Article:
Except for breakthrough devices and qualifying infectious disease drugs, the footwork for getting Medicare's new technology add-on payment (NTAP) can be more challenging than that needed to win FDA approval. It could be even tougher for products that use artificial intelligence (AI) or that follow a subscription model for pricing.
In evaluating San Francisco-based Viz.ai Inc.’s request for a fiscal 2021 NTAP for its Contact radiological computer-assisted triage and notification software system, which is intended to speed identification and treatment of a stroke, the Centers for Medicare & Medicaid Services (CMS) questioned “whether the use of AI, an algorithm, or software, which are not tangible, may be considered or used to identify a unique mechanism of action.”
It also noted the “unique circumstances to determining a cost per case for a technology that utilizes a subscription for its cost.” Viz.ai’s system is available through a subscription model, which means the cost per patient would depend on how many cases a particular hospital handles.
“Newness” and cost are two of the components required, on the traditional path, for the add-on payment that makes innovative drugs and devices more accessible in their first years on the market. The third component of the traditional NTAP path is that the product must demonstrate significant clinical improvement over existing treatments and it must be generalizable to the Medicare population. That requirement may demand more data than what’s needed for FDA approval or clearance.
Because of the newness consideration, CMS limits NTAPs to the first three years of a product’s life – typically measured from the date of FDA approval or clearance. Since NTAPs are part of the annual Inpatient Prospective Payment System (IPPS) rule that goes into effect each Oct. 1, the timing of the rule may make it so a product isn’t given an NTAP until a year or two after it’s been approved or cleared. As a result, it may qualify for only one year of the add-on payment.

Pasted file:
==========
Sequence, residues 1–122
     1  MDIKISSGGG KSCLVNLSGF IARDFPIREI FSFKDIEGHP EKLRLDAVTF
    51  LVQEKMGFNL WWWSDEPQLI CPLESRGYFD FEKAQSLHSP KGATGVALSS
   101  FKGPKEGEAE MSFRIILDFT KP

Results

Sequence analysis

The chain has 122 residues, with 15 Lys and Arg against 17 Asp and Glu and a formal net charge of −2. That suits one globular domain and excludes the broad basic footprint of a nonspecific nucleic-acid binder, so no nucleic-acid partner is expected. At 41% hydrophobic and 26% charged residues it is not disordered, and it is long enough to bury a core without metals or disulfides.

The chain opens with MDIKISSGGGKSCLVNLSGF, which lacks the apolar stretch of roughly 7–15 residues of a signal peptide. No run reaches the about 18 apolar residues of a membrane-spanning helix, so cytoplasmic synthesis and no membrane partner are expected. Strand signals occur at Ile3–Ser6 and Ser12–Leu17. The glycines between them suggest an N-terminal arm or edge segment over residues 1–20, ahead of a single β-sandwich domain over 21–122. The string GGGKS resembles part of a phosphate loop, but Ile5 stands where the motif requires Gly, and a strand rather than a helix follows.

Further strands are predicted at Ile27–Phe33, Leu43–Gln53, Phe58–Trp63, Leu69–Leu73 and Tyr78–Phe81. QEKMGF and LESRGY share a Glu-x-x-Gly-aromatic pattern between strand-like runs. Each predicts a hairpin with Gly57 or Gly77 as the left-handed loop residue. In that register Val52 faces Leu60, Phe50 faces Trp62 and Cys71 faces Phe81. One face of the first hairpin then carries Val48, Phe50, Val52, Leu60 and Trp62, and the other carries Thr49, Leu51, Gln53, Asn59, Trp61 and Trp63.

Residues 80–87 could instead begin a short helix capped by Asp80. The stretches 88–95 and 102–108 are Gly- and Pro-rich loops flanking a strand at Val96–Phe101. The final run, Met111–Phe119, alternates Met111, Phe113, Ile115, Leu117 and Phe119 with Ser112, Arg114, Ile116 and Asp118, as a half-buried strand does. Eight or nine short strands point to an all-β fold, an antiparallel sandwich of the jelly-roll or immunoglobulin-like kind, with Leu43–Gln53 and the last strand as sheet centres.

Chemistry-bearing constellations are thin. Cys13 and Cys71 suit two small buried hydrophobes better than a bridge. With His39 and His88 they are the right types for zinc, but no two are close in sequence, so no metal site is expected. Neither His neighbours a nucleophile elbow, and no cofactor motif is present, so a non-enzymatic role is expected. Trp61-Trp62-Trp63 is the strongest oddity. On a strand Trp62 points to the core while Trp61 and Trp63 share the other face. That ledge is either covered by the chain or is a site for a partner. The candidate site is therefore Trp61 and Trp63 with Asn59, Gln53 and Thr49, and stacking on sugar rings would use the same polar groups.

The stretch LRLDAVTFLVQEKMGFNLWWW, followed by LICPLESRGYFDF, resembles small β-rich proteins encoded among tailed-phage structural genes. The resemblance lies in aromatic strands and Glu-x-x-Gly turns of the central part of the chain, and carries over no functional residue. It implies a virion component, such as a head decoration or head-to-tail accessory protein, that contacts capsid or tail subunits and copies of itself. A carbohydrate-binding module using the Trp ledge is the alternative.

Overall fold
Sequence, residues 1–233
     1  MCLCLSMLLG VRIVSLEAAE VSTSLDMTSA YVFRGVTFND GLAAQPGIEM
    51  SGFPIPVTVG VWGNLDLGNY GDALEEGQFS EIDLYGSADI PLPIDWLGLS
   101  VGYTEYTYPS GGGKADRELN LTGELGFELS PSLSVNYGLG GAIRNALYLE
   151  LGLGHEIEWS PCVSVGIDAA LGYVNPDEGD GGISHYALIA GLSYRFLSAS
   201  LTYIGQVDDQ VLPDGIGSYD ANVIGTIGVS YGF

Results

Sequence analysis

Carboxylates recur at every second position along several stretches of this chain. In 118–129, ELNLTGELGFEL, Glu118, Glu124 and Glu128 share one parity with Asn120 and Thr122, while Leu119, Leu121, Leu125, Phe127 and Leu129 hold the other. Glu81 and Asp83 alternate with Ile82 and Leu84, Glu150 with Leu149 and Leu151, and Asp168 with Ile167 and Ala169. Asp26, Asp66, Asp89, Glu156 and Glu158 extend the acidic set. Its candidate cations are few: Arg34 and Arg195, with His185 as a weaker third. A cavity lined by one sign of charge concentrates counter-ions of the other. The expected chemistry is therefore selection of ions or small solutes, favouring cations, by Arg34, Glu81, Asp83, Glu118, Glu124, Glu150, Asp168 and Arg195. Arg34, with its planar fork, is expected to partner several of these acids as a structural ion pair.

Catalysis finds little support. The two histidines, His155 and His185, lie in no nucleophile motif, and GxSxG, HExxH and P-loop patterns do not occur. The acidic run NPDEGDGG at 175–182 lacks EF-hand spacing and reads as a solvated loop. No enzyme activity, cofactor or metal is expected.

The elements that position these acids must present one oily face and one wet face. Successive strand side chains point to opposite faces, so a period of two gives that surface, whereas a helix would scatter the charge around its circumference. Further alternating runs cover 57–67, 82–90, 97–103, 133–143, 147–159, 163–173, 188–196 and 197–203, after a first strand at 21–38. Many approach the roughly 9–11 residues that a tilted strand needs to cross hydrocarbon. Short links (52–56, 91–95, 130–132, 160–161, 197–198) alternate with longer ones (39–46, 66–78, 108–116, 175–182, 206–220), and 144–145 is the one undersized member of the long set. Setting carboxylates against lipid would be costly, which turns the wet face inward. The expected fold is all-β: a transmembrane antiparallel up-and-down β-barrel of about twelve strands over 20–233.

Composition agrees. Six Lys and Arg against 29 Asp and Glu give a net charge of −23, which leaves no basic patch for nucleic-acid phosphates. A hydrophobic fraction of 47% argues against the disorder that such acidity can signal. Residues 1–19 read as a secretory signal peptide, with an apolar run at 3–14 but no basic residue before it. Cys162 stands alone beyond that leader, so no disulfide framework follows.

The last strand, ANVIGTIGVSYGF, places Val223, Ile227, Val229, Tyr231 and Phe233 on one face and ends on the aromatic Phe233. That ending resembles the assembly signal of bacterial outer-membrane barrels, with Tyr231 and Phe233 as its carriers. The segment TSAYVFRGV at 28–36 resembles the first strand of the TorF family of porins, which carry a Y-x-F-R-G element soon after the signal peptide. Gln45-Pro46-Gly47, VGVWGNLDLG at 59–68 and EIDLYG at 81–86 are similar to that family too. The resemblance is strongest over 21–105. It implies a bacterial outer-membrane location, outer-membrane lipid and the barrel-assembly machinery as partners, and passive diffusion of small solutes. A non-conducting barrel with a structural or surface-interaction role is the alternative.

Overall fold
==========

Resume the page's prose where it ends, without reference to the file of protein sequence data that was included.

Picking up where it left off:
Of all the new requests for NTAPS for fiscal 2021, Viz.ai’s Contact is the oldest technology; it received the FDA clearance on the de novo path in February 2018. However, it wasn’t commercially available until October 2018. (See New NTAP requests for fiscal 2021, below.)
Another aspect of “newness” is that a product cannot be “substantially similar” to existing technologies, including in its mechanism of action. That’s what has CMS second-guessing itself on AI. “We are unclear as to whether the streamlining of hospital workflow would represent a unique mechanism of action. … It is unclear to CMS how Contact shortens time to treatment via AI if the CT machine still performs the scanning and clinicians are still needed to view the images to diagnose an LVO [large vessel occlusion] and perform a full patient evaluation for the best course of treatment,” the agency said in its proposed fiscal 2021 IPPS rule.
Looking beyond Viz.ai’s request, CMS also is questioning how updates to AI, an algorithm or software would affect an already approved technology or a competing technology. For instance, could software changes for an approved technology be considered a new mechanism of action? And if there are approved competing technologies, would an improved algorithm by one competitor represent a unique mechanism of action if it produces the same outcome as the original technology?
Those are some of the questions CMS is seeking comment on before it makes a determination on the new NTAP requests it received on the traditional path. It also is seeking comment on its proposed determinations for several requests on the alternative NTAP path, which is open to products the FDA has designated as breakthrough devices or approved as qualified infectious disease products.
On the alternative path, CMS only considers the cost component, which considers whether a new technology would be inadequately paid under the existing Medicare-severity-diagnosis related group system. Sponsors must demonstrate that the average standardized charge for inpatients receiving the technology exceed the cost threshold.
The proposed IPPS also includes CMS’ decision on whether to continue or discontinue fiscal 2020 NTAPs. According to the rule, that decision is based on when the FDA approved or cleared the product. For those products granted another year of the add-on payment, the maximum amount would remain unchanged. (See Proposed fiscal 2021 action on current NTAPs, below.)
Comments on the NTAP proposals, as well as the rest of the IPPS, are due by July 10.